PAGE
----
James P. Wagner is a poet, editor, performer, and publisher.
Nick Hale is an editor, poet, author, and educator.
Marc Rosen is a poet, editor, author, activist, and advocate.
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Hosted by criminal defense lawyer Elizabeth Kelley, AuthorChats features in-depth interviews with writers about their recent works. In this episode, she talks with Michael L. Perlin, professor at New York Law School, about his book "A Prescription for Dignity: Rethinking Criminal Justice and Mental Disability Law." As he notes in the Introduction, "I have chosen to title this book "A Prescription for Dignity" because I believe that dignity must be at the core of the entire criminal justice system, and that its absence is even more jarring in cases involving defendants with mental disabilities. I also believe that serious consideration of the perspectives that I focus on in this work -- counsel, international human rights, mental health courts, and alternative jurisprudences -- will serve as a means of infusing more dignity into this process." http://www.elizabethkelleylaw.com
Hosted by criminal defense lawyer Elizabeth Kelley, AuthorChats features in-depth interviews with writers about their recent works. In this episode, she talks with E. Fuller Torrey, M.D., about his book "American Psychosis: How the Federal Government Destroyed the Mental Illness Treatment System." Dr. Torrey is the founder of the Treatment Advocacy Center.
Reviews of "American Psychosis":"Torrey is the conscience of the country and its most articulate spokesperson when it comes to public mental health care. His latest installment, "American Psychosis," is a scathing analysis of the abject failure of U.S. mental health care policy written in his usual lucid and compelling style. Torrey is the Dorthea Dix of our time." -- Jeffrey A. Lieberman, M.D., President-Elect, American Psychiatric Association; Lawrence C. Kolb Professor and Chairman of Psychiatry, Columbia University College of Physicians and Surgeons; and Director, New York State Psychiatric Institute. http://www.elizabethkelleylaw.com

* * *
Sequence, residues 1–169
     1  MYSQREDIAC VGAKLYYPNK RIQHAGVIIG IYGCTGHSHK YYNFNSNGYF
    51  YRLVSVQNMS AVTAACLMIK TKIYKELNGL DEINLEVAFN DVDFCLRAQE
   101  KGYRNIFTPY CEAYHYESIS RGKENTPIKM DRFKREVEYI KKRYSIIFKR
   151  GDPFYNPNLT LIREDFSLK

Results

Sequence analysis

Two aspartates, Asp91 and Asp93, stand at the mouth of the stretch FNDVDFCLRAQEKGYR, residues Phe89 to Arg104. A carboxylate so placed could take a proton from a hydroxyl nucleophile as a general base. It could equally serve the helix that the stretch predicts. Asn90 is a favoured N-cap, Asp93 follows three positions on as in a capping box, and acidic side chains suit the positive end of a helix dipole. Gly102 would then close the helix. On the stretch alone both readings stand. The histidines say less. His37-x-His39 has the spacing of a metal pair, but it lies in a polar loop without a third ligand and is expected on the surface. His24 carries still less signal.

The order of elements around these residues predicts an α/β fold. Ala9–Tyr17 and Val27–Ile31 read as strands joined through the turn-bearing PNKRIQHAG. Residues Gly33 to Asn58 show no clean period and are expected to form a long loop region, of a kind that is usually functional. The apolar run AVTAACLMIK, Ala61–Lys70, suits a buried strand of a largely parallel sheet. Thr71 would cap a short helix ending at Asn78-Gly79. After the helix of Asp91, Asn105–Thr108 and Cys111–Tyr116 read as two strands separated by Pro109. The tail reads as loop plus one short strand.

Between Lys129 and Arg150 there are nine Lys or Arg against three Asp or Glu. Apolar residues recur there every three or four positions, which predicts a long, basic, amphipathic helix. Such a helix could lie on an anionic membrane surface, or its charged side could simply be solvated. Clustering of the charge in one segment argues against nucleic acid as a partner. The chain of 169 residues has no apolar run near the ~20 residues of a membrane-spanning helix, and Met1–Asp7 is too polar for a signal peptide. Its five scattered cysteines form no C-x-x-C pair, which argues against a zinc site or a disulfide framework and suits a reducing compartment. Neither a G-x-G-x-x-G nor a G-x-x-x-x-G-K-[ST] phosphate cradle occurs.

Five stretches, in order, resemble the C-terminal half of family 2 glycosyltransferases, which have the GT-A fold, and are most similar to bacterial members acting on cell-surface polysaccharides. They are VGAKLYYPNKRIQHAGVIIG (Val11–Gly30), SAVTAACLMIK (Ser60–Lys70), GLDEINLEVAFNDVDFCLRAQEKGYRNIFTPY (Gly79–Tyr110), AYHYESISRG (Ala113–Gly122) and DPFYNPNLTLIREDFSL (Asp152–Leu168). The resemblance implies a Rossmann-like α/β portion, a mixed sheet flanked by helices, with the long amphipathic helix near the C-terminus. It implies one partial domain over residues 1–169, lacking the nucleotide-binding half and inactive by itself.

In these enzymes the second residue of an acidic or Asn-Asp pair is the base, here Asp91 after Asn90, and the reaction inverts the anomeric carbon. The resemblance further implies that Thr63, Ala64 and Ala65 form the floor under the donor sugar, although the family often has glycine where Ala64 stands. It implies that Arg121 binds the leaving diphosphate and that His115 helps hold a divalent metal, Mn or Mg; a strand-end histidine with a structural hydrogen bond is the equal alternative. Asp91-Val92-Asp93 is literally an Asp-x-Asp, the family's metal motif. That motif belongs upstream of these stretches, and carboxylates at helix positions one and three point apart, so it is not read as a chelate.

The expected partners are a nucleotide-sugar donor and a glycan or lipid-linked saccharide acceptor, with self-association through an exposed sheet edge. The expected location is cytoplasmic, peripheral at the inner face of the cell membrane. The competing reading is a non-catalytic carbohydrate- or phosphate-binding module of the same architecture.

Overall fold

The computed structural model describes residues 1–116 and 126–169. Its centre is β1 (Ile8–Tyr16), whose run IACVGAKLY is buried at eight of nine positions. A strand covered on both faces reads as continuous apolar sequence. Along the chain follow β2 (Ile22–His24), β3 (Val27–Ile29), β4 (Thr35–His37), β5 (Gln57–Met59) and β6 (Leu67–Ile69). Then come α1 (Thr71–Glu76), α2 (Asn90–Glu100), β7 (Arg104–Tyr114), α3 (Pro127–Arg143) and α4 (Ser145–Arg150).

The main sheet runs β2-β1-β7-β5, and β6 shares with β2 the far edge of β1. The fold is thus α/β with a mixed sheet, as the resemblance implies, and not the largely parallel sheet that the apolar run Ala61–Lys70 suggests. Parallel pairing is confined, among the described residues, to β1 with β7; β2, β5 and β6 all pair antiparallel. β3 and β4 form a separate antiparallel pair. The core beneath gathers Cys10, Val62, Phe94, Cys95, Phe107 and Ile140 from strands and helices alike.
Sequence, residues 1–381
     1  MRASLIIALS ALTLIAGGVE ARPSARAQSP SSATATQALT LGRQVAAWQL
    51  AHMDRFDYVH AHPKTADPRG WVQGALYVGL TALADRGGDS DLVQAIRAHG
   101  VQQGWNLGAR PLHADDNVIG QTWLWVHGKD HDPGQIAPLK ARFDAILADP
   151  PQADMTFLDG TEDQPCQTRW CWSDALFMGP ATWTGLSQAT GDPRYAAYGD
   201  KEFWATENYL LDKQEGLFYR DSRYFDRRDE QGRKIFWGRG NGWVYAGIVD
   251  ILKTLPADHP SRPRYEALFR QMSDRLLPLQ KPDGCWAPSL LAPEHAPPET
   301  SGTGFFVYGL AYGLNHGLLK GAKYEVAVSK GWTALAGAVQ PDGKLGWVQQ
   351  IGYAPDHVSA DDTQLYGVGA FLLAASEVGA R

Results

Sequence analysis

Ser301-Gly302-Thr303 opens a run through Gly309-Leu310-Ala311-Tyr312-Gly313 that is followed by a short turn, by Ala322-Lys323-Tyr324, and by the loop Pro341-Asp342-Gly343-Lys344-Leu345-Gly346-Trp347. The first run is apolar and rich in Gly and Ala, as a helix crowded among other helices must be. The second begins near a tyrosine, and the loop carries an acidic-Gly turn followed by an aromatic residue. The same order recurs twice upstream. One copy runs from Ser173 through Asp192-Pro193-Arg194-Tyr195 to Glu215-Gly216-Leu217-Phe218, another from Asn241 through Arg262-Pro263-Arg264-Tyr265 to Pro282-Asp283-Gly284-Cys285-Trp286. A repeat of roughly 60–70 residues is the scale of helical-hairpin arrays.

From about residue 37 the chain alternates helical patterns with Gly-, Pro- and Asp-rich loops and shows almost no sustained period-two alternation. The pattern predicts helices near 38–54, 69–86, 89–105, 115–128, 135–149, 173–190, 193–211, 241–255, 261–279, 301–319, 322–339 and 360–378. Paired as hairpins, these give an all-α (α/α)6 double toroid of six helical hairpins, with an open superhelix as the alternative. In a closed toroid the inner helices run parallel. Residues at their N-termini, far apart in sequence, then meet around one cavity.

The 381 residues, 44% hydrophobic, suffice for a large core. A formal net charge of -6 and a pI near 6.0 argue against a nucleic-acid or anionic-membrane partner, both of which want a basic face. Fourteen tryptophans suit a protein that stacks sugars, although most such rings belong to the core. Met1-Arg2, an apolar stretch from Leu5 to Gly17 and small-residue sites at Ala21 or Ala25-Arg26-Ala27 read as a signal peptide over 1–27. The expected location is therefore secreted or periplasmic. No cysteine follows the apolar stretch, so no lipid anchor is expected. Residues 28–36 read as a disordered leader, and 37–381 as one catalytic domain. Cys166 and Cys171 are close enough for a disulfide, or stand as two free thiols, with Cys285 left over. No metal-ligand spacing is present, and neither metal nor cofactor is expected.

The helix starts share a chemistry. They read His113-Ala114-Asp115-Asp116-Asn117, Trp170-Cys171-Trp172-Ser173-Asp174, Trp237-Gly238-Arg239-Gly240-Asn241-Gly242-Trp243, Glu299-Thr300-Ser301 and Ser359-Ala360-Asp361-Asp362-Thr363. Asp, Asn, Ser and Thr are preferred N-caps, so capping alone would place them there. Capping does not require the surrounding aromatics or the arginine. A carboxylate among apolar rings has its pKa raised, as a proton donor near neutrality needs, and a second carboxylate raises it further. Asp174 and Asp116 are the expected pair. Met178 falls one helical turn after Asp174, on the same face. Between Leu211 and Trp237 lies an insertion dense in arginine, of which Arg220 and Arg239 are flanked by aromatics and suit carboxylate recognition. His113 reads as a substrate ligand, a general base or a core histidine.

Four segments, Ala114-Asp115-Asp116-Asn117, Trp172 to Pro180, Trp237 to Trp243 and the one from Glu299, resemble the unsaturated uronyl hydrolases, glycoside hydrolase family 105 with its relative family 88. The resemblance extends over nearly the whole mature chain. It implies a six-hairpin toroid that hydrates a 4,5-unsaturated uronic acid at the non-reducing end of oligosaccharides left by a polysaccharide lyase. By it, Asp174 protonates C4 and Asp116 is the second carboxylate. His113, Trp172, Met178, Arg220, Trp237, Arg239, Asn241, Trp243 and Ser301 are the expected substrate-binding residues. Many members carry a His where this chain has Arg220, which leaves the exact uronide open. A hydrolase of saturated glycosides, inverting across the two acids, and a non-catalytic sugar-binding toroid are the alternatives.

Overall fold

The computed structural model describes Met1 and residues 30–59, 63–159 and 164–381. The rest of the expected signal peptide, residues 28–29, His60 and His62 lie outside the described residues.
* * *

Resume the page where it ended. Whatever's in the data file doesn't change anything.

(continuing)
Charles is rocking!
Chris Farrell, Dir. Research & Investigation, Judicial Watch, Taxpayers $$$ for Bogas Diversity Training at the Dept of Agricultural
Clayton Cramer, Gun, Mental Health Deinstitutionalization
Ed Qualls, Migration and Morality of Drugs
China cyber hacking and the non-response of the Obama Adminstration
Clayton Cramer, Mental Health Expert and Author of 'My Brother Ron: A Personal and Social History of the Deinstitutionalization of the Mentally Ill', Obama is pushing for Congress to include more data available for firearm background checks.Would it be a good thing to include mental health records in background checks?How can previous mental health information influence who will be able to purchase firearms?Would this help to prevent future issues and tragedies involving guns?Will this be stripping some people of their rights?.Books, include:'Armed America: The Remarkable Story of How and Why Guns Became as American as Apple Pie', 'Concealed Weapon Laws of the Early Republic.His work helped to help to prove that the book 'Arming America' by Michael Bellesiles was based on fraudulent research.His work has been cited in decisions by the US Supreme Court, numerous state Supreme Courts and US Appell
Clayton Cramer, author of "My brother Ron", the story of his brother. This is a book about the state of mental health in the US.